The prospect of mismanaging the power of neurotechnology has spawned the field of neuroethics, bringing us face-to-face with questions about who will have access to these culture- (and ethos-) changing technologies, and to what ends they will be utilized. Psychiatrists, neurologists, and neuroscientists, therefore, will have to confront questions of how to best apply novel neurotechnologies in an equitable and ethical way. For example, consider some of the following thornier neuroethical issues.
First, who should benefit? Memory-enhancing treatments, for example, usher in a host of questions about their applications. We may be on firm moral ground when it comes to offering cognitive-enhancing medications or other neurotechnologies to restore lost brain functions to individuals with Alzheimer disease, debilitating cerebrovascular accidents, multiple sclerosis, and other prevalent and disabling brain diseases. So, too, is the imperative to treat victims of traumatic brain injury who will need medicines or procedures to modulate or erase the traumatic memories that can sear into the brain after a disaster, in combat or from torture or abuse, leaving them “invisibly” yet severely wounded. These interventions make sense.
But should doctors prescribe cognitive enhancers to boost the functioning of a healthy brain or implant artificial neurons or stem cells to fur-ther the mental performance of those healthy from the start? Should recipients be those with debilitating illnesses-or should corporate CEOs and mediocre students (those who can afford it) attain supercharged brains?
What about the use of neurotechnology in homeland security or the corporate marketplace? Will consumers be able to ask their doctor for a nootropic or will it be available on amazon.com? Will (“when” is more likely) a black market emerge? What will be the FDA’s role in dif-ferentiating snake oil from the next truly magic pill or device? Neuroethicists will have plenty to consider.
Moreover, what principles should guide the allocation of precious and powerful resources and services in a society? Should the market forces of supply and demand determine who will get what is needed (or desired) and who will not? Ethicists, policymakers, and clinicians are familiar with these questions of “distributive justice” in which health care resources are meant to be distributed to maximize wellness and minimize misfortune. Meant is a goal, but the question remains as to how.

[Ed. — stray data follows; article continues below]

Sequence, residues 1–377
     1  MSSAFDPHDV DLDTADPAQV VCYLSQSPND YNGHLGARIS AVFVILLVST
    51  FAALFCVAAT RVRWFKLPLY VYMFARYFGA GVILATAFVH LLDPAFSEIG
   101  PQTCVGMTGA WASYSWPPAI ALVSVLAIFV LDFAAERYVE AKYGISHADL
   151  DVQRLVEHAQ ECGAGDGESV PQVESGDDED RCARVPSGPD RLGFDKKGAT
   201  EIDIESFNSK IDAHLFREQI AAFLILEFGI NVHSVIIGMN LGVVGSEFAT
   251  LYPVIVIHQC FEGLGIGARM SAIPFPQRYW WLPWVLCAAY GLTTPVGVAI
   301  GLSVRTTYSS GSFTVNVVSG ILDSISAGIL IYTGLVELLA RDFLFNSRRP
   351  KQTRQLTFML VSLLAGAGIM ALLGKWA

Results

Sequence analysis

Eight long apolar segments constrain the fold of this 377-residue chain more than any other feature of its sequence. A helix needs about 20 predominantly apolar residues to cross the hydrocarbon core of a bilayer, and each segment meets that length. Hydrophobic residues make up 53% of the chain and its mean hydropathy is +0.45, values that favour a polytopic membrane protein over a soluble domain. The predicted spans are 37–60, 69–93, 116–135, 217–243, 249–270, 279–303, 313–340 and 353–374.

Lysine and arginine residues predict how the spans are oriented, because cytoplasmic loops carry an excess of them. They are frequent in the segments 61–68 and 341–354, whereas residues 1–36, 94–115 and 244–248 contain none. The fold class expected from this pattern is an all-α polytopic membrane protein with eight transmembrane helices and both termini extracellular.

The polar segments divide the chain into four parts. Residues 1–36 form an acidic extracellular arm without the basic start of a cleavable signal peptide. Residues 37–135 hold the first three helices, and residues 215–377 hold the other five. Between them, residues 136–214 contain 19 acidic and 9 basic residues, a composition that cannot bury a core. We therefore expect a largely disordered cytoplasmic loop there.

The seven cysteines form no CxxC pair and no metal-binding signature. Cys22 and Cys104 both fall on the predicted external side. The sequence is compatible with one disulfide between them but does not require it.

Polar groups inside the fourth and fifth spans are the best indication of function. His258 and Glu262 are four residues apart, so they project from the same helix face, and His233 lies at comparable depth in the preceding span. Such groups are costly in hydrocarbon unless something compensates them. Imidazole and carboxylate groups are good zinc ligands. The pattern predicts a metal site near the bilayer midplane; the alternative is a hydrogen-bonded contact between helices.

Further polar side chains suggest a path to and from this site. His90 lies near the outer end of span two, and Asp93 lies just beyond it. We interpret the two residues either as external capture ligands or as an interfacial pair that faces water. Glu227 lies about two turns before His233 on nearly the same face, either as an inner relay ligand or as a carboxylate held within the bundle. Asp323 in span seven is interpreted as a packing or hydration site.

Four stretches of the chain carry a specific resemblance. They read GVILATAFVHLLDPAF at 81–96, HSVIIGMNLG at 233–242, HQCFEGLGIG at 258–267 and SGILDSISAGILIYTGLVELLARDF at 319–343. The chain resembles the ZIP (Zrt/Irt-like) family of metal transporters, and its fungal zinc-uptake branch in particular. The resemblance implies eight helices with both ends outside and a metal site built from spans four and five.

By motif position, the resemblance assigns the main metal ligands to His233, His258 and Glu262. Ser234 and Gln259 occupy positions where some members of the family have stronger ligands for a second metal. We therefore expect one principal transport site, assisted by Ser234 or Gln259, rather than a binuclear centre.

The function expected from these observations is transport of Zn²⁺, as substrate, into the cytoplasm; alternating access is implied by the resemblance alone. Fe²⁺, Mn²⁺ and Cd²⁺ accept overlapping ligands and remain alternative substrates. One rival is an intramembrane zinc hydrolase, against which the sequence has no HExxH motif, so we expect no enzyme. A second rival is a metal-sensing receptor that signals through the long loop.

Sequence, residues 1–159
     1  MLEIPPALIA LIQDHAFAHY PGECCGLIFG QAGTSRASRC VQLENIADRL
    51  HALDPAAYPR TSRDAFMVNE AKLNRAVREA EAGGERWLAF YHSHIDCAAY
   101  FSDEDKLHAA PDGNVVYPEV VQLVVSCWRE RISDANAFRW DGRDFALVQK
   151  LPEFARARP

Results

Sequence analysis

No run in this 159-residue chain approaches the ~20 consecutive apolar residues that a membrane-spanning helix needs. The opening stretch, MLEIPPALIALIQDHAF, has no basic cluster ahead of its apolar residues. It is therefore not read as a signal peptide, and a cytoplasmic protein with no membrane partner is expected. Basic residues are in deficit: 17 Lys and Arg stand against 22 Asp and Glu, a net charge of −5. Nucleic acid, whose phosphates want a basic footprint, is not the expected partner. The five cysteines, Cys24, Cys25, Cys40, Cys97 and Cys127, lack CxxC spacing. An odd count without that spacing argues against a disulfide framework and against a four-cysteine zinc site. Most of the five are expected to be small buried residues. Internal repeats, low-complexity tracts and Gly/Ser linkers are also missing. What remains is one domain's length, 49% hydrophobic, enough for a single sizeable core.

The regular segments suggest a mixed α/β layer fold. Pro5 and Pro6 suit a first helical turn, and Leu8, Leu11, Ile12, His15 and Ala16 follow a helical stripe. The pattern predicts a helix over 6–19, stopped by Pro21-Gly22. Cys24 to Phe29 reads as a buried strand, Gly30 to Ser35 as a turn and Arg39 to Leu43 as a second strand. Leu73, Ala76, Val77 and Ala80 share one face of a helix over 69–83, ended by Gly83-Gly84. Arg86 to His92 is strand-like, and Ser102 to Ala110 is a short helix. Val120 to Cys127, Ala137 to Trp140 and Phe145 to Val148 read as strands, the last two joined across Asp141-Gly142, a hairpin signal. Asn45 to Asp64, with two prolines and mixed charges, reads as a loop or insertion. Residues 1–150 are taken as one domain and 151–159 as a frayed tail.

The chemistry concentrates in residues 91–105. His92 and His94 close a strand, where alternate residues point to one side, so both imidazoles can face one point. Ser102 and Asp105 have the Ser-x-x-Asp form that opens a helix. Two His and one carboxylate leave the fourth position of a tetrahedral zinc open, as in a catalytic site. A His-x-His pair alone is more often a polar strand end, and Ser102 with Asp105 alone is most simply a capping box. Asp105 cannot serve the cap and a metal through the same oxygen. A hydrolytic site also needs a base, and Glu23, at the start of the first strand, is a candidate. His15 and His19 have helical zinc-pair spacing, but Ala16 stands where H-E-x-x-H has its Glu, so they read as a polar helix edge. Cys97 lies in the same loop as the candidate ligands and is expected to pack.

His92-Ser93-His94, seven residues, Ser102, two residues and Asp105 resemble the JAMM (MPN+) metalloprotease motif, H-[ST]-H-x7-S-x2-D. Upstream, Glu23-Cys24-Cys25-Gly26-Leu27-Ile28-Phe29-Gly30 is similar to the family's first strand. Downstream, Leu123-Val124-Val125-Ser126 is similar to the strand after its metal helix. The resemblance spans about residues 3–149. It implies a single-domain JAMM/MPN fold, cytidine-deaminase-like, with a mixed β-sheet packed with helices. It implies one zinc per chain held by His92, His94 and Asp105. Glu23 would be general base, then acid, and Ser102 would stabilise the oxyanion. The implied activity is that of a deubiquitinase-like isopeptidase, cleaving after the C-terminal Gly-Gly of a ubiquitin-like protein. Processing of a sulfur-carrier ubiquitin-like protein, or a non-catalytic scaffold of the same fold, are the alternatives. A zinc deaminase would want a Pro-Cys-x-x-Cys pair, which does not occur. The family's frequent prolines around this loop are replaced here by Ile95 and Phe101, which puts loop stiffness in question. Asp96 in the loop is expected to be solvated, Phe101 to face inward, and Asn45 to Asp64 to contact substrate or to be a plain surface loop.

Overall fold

Second, what should be the psychiatrist’s role in the applications of neurotechnology? Will mental health clinicians have access to fine-tuned diagnostics and new treatments of brain illnesses? Will these new technologies themselves open further windows into heretofore mysteries of the brain? How will our field be changed? How will the profession set its standards and shape its practices?
Beyond everyday clinical practice, neurotechnology may assess a defendant’s veracity or provide forensic evidence for an insanity defense. But while emerging technologies seek to reduce error, applying science in the courtroom is rife with legal ambiguities. Cutting-edge DNA fingerprinting (or DNA typing) provides a contempo-rary example: while scientists and lawyers agree on the uniqueness of an individual’s DNA typing, how the legal system can best apply this datum to assigning innocence or guilt continues to bewilder judges. Debates already rage as to whether fMRI lie-detection scans or EEG-based brain fingerprints are rigorous enough to meet standards of scientific evidence. The jury is still out.
The frontier extends to your mind being read at the local shopping center. Product “neuromarketing” corporate consumer psychoanalysis, if you will, has advertisers using functional brain scanning to assess a buyer’s unconscious reactions to the latest widget that would then allow advertisers to fashion a subliminal pitch that closes the sale by clinching your mind. How will brain research translate into the global marketplace? What about nonmedical institutions, such as government, law enforcement, or academic institutions, using mind-reading devices to make security determinations? The opportunities, and intrusions, are legion.
Third, how will we maintain our medical and mental privacy? If neurotechnologies can figure out how the mind works, read our brain’s thoughts, and even predict our intentions, will privacy be a thing of the past? New standards of medical privacy will need to be written-and regulated. But, by whom?
As of this writing, S3’s sipping coffee remains a remarkable achievement of clinical neurotechnology. Progress is science’s “most important product.” And neurotechnology’s products will yield colossal benefits-making it seductive to dismiss risks for the sake of benefits. There is nothing new here: we have always had to weigh risk against benefit. We want to savor S3’s sip-and the myriad marvels of neurotechnology-but we also need to grasp its risks and carefully govern its advances. There is no technology to guide the way, alas, only our humanity and values.
1. Hochberg LR, Bacher D, Jarosiewicz B, et al. Reach and grasp by people with tetraplegia using a neurally controlled robotic arm. Nature. 2012;485:372-375.
2. Mayberg HS, Lozano AM, Voon V, et al. Deep brain stimulation for treatment-resistant depression. Neuron. 2005;45:651-660.
3. Schoonover CE, Rabinowitz A. Control desk for the neural switchboard. New York Times. May 16, 2011. http://www.nytimes.com/2011/05/17/science/17optics.html?pagewanted=all&_r=0. Accessed October 4, 2012.